Our first stop is a local school. Fernweh has been supporting rural schools in the region and we were invited to watch one of the dance recitals. Before we arrived, Poonam advised us that we could bring small gifts for the children so we stopped off in the markets the night before to purchase school supplies. Buying products in the local market is also a way to generate income in the local economy.
We are welcomed into the school with a song and gifted traditional leis around our necks. Of course, chai and biscuits are also on the menu – a hospitable treat for any guests. The school consists of 2 main classrooms, for 6 grades. Meaning 3 grades and 2 teachers per class. While this is not the most ideal circumstance for the teachers, over 30 students from surrounding villages are able to gain access to a government-funded education here. The funds from Fernweh provide assistance with school supplies and food.
The recital is about to start and 4 young children dressed in colourful costume brace the stage in the schoolyard. One child in the background is manning the bongo drum. Before long the rhythm starts to play as the children start their dance to music. They laugh and sing and we join in with claps and applauded. The teachers sit proudly watching their classes perform. After the performance, we gift the children some souvenirs from our home countries as well as pencils and book supplies that will greatly help them throughout the school term.
Related reading: Experience rural tourism in India at Camp Ringall Chopta
Lunching in local villages and culinary experiences
The whole Fernweh itinerary is carefully programmed to accommodate the inclusion of women and their families. One of the many highlights of the tour is the chance to lunch in a traditional Indian home, in a riverside village.
The home we visit is that of Sarita, a widowed woman, and mother to 3 daughters. In rural Indian culture it is frowned upon for women to marry again after their husband passes away and so 3 years ago, after the passing of her spouse, Sarita arrived at the doors of the women’s shelter looking for desperate relief. At this time her 2 daughters were under the age of 3 and she was expecting her third child. The shelter provided temporary support but Poonam knew that Sarita’s life moving forward was going to be confronted with hardship. Knowing she wanted to do more for this women Poonam decided to include Sarita’s home as a stop for guests to experience the local flavours of this region in an authentic home.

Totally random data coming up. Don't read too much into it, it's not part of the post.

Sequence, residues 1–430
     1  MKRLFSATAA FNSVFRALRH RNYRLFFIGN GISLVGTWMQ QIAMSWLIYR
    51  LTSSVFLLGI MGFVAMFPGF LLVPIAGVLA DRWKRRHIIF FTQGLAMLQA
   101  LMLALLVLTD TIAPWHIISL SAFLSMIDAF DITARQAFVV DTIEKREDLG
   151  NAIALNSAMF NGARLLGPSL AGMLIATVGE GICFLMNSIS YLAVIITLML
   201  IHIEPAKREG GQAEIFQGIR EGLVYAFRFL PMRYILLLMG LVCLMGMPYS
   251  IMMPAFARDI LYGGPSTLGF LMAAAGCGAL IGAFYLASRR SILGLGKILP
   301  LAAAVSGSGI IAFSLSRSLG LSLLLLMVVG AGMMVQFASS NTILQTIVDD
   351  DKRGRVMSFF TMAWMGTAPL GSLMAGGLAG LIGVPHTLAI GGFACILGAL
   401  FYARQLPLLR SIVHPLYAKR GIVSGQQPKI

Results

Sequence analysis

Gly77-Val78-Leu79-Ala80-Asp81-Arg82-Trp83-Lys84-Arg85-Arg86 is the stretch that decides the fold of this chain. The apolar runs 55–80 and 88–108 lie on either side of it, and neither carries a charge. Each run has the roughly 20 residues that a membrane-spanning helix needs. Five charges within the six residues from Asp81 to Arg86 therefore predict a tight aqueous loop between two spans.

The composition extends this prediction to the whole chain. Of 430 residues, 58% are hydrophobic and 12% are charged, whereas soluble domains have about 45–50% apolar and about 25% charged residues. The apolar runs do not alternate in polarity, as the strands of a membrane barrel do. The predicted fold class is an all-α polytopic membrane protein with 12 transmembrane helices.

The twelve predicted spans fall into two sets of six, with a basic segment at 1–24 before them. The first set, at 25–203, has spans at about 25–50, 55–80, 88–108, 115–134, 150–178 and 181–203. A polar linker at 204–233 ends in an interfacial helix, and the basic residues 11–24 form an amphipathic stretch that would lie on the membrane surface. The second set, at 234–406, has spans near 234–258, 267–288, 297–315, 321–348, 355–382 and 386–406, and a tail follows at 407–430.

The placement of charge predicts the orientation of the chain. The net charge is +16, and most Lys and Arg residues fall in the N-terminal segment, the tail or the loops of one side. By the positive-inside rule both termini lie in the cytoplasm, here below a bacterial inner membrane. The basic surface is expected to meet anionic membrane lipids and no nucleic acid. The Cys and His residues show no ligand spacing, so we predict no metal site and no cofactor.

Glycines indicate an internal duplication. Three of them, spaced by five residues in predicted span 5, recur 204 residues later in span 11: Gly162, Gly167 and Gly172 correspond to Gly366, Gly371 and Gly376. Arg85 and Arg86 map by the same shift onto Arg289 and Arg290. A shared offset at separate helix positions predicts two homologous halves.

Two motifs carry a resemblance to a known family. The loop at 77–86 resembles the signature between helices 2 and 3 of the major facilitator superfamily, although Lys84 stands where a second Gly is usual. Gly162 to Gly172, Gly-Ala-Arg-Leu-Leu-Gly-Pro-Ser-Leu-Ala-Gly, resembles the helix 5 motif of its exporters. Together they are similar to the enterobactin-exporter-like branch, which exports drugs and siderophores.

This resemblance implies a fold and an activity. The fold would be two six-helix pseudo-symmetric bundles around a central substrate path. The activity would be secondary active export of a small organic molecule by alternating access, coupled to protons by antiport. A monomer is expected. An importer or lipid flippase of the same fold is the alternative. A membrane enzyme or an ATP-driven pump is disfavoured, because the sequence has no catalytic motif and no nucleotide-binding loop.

“One of the main objectives of Fernweh Fair Travel is to provide livelihood to women by training them as travel guides and in other fields of our travel programs. The authentic home lunch allows them to earn an income without them having to leave their homes or their families.” – Poonam Rawat-Hahne, Fernweh Founder.
Lunch in Sarita’s home was just one of the many local meals that graced our taste buds on tour. The culinary experience of the tour is definitely a highlight as we are fed wholesome meals 3 or more times a day. On day 6 we are also able to participate in our own cooking class to learn about the concoction of ingredients that go into creating this authentic far-northern Indian cuisine.
Participating in Diwali celebrations
Our tour fell right in the heart of one of India’s largest festivities, Diwali. Days 5 to 7 on the tour revolved around preparation for this magical festival of lights. We visited the local Gopeshwar markets a day prior to purchase some decorations. Colours lined the bustling streets as people hurried to get their supplies for the big day. When we arrived back to the homestay we participated in the decoration of the balcony and common area. It was our first time trying Rangoli, at artform created using coloured rice and a significant aspect of Diwali. By the time evening had come we had one of the most beautifully decorated houses in the village.
The evening erupted into an explosion of celebration. Our group put on their best attire, many of us had purchased traditional dress-wear and I even went as far as buying a beautiful laced sari. We danced around the fire, laughed with the locals. The women had let their hair down as this was one night where everyone was free from all worry and care. We set off fireworks and heard them echo through the quarries. It was truly an unforgettable night of celebration.
Through cross-cultural exchange and understanding, Fernweh Fair Travel is pioneering a sustainable tourism movement here in Gopeshwar that is inspiring all involved.
Find out more about their upcoming tours on their website and Facebook page.
This tour was provided by Fernweh Fair Travel in association with Impact Travel Alliance, and I was a guest at the Peaches & Pears Homestay.